This guest post comes to us from the legendary Jean McCarthy, host of The Bubble Hour podcast and author of the UnPickled blog. She recently shared her Sober Story with us here. This post is an excerpt from her new book "UnPickled Holiday Survival Guide: Staying Alcohol-Free During the Festive Season" which is available here.
Worried about hosting holiday events as a person in recovery? Wondering if you have to choose between social commitments and sobriety? It’s common for those contemplating sobriety to delay the endeavour until after an upcoming event.
“If I quit now, I won’t be able to join the champagne toast at my daughter’s wedding.”
“There no point in giving up alcohol before the Super Bowl!”
This type of thinking makes the holidays a difficult time to quit.
“I’ll quit on January 1st because I have tickets to a gala for New Year’s Eve.”
“I can’t get through spending the holidays with my family without a little rum in the eggnog.”
There may never be a convenient window of time on the calendar, and even if there is, it may not necessarily coincide with emotional readiness for making the change, which can come and go.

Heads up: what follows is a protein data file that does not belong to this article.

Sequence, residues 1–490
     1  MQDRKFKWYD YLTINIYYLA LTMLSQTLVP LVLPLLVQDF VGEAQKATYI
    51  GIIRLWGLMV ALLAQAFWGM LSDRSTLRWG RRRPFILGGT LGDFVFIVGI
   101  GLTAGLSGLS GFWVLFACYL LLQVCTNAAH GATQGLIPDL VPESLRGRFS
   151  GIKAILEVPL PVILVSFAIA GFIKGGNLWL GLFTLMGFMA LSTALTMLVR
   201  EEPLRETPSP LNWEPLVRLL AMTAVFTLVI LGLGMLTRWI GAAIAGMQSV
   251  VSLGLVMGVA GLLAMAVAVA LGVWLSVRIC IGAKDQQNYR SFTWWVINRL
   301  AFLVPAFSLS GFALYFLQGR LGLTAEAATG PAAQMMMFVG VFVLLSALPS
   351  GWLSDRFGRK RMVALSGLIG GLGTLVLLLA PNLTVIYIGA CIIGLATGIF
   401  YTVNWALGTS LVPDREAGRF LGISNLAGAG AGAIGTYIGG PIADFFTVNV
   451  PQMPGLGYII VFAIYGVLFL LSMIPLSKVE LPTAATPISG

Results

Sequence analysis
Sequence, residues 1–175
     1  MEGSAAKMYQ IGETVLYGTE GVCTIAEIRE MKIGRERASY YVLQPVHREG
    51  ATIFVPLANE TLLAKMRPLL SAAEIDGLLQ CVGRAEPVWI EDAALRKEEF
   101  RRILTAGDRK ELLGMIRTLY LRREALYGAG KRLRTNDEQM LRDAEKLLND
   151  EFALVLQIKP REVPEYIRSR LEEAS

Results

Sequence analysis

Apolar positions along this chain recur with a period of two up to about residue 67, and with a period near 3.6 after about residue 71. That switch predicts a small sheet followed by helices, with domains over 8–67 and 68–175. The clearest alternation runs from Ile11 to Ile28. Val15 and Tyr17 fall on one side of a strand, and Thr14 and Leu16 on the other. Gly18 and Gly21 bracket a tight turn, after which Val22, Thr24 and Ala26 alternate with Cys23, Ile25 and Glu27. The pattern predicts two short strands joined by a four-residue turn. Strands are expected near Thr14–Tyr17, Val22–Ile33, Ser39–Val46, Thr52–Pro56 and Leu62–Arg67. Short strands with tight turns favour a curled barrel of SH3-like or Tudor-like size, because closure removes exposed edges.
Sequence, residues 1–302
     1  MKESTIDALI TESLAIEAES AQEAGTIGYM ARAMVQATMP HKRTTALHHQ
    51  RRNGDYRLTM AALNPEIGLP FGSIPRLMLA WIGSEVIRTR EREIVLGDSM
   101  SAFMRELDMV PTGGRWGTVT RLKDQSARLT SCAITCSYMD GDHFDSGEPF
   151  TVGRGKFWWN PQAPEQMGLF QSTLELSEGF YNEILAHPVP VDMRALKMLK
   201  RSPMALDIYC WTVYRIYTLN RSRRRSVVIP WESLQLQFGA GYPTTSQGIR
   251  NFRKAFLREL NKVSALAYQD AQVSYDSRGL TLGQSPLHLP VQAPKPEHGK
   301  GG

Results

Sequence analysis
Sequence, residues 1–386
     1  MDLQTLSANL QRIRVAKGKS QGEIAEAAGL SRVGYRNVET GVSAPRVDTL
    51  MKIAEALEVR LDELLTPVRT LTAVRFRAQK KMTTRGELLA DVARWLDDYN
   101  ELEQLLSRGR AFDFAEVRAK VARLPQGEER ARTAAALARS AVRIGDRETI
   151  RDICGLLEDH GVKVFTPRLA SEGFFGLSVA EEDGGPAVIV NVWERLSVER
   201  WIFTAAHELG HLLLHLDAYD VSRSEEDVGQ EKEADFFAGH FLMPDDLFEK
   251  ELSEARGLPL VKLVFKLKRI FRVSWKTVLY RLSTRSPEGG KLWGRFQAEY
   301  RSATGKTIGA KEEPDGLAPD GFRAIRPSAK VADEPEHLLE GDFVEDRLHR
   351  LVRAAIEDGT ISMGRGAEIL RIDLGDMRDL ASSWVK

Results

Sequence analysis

The fact is that no matter what time of year a person gives up alcohol, eventually the holiday season rolls around. Whether a person has accumulated sobriety counted in months, weeks, days, or hours, the first time encountering the holidays is a new experience.
A Bubble Hour guest named Erin told a story about quitting drinking just before Thanksgiving years ago, even though she was scheduled to host a large dinner. She proceeded with the event for family members but took great care to protect her sobriety during the process.